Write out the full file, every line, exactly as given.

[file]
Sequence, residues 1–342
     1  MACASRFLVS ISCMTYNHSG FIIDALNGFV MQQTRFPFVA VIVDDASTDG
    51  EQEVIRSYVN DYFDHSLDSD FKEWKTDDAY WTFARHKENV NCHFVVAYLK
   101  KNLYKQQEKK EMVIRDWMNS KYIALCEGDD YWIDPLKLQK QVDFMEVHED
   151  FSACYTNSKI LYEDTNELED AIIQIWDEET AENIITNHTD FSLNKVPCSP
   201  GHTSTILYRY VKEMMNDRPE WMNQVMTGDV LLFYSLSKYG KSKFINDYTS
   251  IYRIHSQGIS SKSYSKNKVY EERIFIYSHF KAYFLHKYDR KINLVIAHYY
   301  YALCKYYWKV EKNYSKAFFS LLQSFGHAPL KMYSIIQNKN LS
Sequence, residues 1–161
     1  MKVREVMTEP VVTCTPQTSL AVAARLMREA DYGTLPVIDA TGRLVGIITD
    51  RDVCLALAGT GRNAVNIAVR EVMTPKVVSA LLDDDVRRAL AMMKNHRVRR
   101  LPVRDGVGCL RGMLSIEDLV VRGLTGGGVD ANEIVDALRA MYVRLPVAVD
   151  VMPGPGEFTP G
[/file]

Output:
Sequence, residues 1–342
     1  MACASRFLVS ISCMTYNHSG FIIDALNGFV MQQTRFPFVA VIVDDASTDG
    51  EQEVIRSYVN DYFDHSLDSD FKEWKTDDAY WTFARHKENV NCHFVVAYLK
   101  KNLYKQQEKK EMVIRDWMNS KYIALCEGDD YWIDPLKLQK QVDFMEVHED
   151  FSACYTNSKI LYEDTNELED AIIQIWDEET AENIITNHTD FSLNKVPCSP
   201  GHTSTILYRY VKEMMNDRPE WMNQVMTGDV LLFYSLSKYG KSKFINDYTS
   251  IYRIHSQGIS SKSYSKNKVY EERIFIYSHF KAYFLHKYDR KINLVIAHYY
   301  YALCKYYWKV EKNYSKAFFS LLQSFGHAPL KMYSIIQNKN LS
Sequence, residues 1–161
     1  MKVREVMTEP VVTCTPQTSL AVAARLMREA DYGTLPVIDA TGRLVGIITD
    51  RDVCLALAGT GRNAVNIAVR EVMTPKVVSA LLDDDVRRAL AMMKNHRVRR
   101  LPVRDGVGCL RGMLSIEDLV VRGLTGGGVD ANEIVDALRA MYVRLPVAVD
   151  VMPGPGEFTP G